Hurray I've completed my first make of 2012. I opted for something easy but also something I knew I would wear. The top (see image above) was featured in December's burda magazine and was quite the thing. I think it's pattern number 109 style B.
It's a very simple loose fittling top with 3/4 sleeves, perfect for this time of year. The top is suppose to have a zip in the back but I ommited this as I didn't think it needed it.
Rather than make a toile/muslin, I loosely based the sides and shoulders together and tried it on. I decided to take the sides in a touch just to add a little shape to the waist.
I love this top. As an everday wearable item, it does the job nicely. I'm also a fan of 3/4 sleeves so this ticked all the boxes. I made it around two weeks ago and have already worn it a good few times.
I wanted to take a picture of me actually out shopping with it on, but the first time I forgot my camera and then the next two times it was raining.
It was a really simple make, in fact the hardest part was tracing the pattern from Burda's mass of coloured lines. The top featured a doped sleeve with this awkward shaped angle, which was fiddly to put in but once you eased the sleeve in, it was fine.
I applied a thin line of interfacing all the way around the edge of the neckline and the sleeve to stop the material from stretching and loosing it's shape as it was stating to frey. The material feels like a thin wool blend with a dog tooth pattern on it. it can be a little harsh on the eyes from far away but does feel very nice.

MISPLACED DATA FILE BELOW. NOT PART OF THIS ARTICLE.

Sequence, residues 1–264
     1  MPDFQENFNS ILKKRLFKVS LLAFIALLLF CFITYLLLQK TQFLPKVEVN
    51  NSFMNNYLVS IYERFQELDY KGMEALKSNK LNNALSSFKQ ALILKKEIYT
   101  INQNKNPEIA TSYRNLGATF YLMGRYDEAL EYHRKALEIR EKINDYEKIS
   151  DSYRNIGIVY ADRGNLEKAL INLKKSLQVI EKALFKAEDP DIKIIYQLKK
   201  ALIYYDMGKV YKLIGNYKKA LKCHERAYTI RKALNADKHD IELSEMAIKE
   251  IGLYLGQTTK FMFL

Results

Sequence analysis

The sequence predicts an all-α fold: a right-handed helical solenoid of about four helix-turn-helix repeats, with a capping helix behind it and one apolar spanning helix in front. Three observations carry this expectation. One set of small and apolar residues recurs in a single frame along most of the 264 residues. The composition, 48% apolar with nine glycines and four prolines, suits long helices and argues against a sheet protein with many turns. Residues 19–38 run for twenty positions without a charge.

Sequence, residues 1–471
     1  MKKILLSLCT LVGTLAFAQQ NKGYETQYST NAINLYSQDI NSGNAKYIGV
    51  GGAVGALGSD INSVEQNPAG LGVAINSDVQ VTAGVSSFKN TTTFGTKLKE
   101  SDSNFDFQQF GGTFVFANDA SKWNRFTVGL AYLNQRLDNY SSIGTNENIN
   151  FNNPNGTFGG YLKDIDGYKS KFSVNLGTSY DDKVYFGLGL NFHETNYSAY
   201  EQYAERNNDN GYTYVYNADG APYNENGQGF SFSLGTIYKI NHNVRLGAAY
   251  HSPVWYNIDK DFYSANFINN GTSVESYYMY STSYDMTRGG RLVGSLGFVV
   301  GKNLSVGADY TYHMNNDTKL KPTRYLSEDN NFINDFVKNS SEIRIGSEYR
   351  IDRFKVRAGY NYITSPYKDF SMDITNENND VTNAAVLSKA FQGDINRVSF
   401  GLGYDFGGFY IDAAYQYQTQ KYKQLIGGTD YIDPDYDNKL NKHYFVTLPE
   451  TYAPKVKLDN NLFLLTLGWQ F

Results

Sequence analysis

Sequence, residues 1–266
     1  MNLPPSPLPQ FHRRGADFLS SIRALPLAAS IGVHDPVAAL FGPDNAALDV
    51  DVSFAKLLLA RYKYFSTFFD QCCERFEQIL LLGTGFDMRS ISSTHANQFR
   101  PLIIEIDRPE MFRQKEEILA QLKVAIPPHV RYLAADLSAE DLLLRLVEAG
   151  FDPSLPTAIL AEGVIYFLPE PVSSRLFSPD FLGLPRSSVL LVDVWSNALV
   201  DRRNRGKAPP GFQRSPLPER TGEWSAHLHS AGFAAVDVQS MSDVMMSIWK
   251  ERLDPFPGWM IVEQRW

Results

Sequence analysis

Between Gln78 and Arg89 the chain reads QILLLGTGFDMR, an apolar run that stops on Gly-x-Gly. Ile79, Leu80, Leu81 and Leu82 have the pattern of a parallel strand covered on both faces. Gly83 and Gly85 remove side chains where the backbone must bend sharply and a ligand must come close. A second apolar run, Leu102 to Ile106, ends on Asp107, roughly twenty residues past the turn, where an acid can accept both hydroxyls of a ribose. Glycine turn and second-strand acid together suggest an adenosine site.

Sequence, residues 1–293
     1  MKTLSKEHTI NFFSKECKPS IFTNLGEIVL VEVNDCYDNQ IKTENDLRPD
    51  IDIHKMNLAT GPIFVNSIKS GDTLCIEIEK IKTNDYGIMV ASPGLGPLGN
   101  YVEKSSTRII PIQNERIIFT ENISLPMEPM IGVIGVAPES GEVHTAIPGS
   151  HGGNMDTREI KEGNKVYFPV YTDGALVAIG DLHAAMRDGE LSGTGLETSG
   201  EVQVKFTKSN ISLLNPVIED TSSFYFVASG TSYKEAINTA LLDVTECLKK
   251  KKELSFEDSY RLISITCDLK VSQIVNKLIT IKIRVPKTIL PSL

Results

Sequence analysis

I know burda patterns are synonymous for not adding seam allowance and as this top was loose fitting I only added seam allowance to the shoulders, sleeves and hem which worked out fine.
The banding for the neckline and hem was drafted out separately . Burda gave the exact measurements to conduct this including and finished widths but as I was attaching the band-ings I felt they could of had and an extra 1.5cm so the raw edge could be neatly folded under and top stitched as instructed, but the measurements burda gave meant there wasn't enough material to neatly turn the raw edge under. Instead I over-locked mine before stitching in place.
The banding was also cut on the bias which was my first footsteps into cutting on the bias.
I do love this little top, so I would like to make few more. A slightly longer version in jersey, one with an exposed chunky metal zip and one with more style lines and contrasting colour